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How to become an expert winemaker – fermentation

wine and grapes

Last week I explained how to turn the millions of yeast cells in a packet of wine yeast into the zillion cells, you need to make wine. All you do is put a litre of fruit juice in a 2L bottle, add yeast and seal with a plastic bag, secured with a rubber band, so the carbon dioxide gas can escape. Now we can make our first drop of decent wine. A modern wine bottle is about 70cl and so we can get 6 or even 7 bottles from a 5 litre batch of wine.

If you have a food quality (white plastic) bucket to mix your ingredients together, that will be easier. You need:

Sugar, 800 grams to 1 kilogram.

Apple juice, 1 litre.

cultured wine yeast.

grape tannin or tea.

You can first of all make your grape tannin up, by mixing with hot water, a spoonful with boiling water and stir it up; just like making instant coffee. Alternatively, use a few teabags; tea contains lots of tannin too. The tannin acts as a wine preservative and colours the wine. You can add this to your bucket with the sugar. If you make a full pot of tea with a few teabags, that will help your sugar to dissolve. Then add you apple juice and stir it  up until all the sugar is dissolved.

Now you can let it cool, if it’s too warm, you want it around room temperature before you add the yeast. Now add your yeast culture and put it somewhere warm to ferment, near a radiator would be great. If you have made it in a bucket, pour or syphon it into a clean demijohn or plastic 5 litre container. Containers can be bleached with ordinary thin bleach to get them clean, but wash them out afterwards and leave them a day to get rid of the smell of bleach.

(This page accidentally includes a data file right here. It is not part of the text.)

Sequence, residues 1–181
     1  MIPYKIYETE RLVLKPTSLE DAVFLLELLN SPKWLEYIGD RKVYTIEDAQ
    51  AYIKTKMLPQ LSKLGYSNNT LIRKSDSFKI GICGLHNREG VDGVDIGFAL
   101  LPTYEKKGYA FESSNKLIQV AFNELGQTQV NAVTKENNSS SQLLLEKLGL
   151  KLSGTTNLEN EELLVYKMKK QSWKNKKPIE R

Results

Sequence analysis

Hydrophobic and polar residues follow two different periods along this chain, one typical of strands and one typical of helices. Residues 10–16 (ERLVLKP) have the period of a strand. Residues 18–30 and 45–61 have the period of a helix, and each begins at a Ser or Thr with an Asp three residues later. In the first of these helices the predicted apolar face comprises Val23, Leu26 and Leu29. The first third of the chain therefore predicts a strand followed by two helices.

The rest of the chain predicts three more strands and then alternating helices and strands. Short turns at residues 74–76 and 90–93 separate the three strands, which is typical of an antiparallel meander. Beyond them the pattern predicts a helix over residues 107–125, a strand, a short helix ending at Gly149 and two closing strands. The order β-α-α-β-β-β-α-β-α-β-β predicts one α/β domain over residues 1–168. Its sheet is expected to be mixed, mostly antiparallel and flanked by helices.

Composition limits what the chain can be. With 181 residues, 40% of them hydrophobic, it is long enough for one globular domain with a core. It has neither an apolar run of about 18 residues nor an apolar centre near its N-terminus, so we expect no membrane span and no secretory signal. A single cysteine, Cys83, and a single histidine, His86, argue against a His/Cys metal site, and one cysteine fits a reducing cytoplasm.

You should secure a plastic bag to the top of the demijohn with a rubber band to allow the carbon dioxide gas to escape from your fermenting wine or it could get messy. Enormous pressure builds up in fermenting wine and it is enough to break a demijohn or wine bottle. Fermentation does take place in some champagne bottles, but they are thick glass and weigh 1 Kg each; the amount of gas they have to withstand is quite small too; just enough to give the champagne sparkle.

You should now keep your fermenting wine in a warm place for 3 to 4 weeks to ferment. You can test it to see how much sugar is in the fermenting wine. You do this with a hydrometer and hydrometer jar. It’s easy, to test the wine. You syphon some wine into your jar, about 3/4 full and then float the hydrometer in the wine. You can take a reading where the hydrometer meets the surface of the wine. If in doubt ask at the winemakers’ store for advice on how to read a hydrometer. The scale goes from 1 to  around 1.080. There are different scales on different hydrometers. When you start the fermentation the reading should be around 1.060  because the dissolved sugar will make the wine ‘thick’ like a syrup. As the wine ferments it will thin and the readings will keep dropping. When the wine is at 1.000 it’s about medium dry and the fermentation can be stopped.

I suggest your first wine is made medium dry. You can stop the fermentation at a higher reading for a sweeter wine or at below 1.000 for a dry wine. Most people in the UK like medium dry white wine; it is the most popular choice. You can try others, including vintage wine, later.

You should get some sodium metabisulphite from you wine supplier when you get your yeast, etc. One teaspoon of this can be mixed with a litre of cold water to make a strong steriliser and used to sterilise containers etc. as you use them. The solution gives off sulphur dioxide and kills bacteria. Don’t use warm or hot water or the sulphur dioxide is given off quickly and can cause breathing difficulties.

Good luck with your winemaking! As usual there are more amazing blogs on the Home Page.

Next week: Stopping fermentation, clearing and filtering your wine.

One Response

  1. Pingback: » How to become an expert wine maker – clearing A Zillion Ideas and counting…

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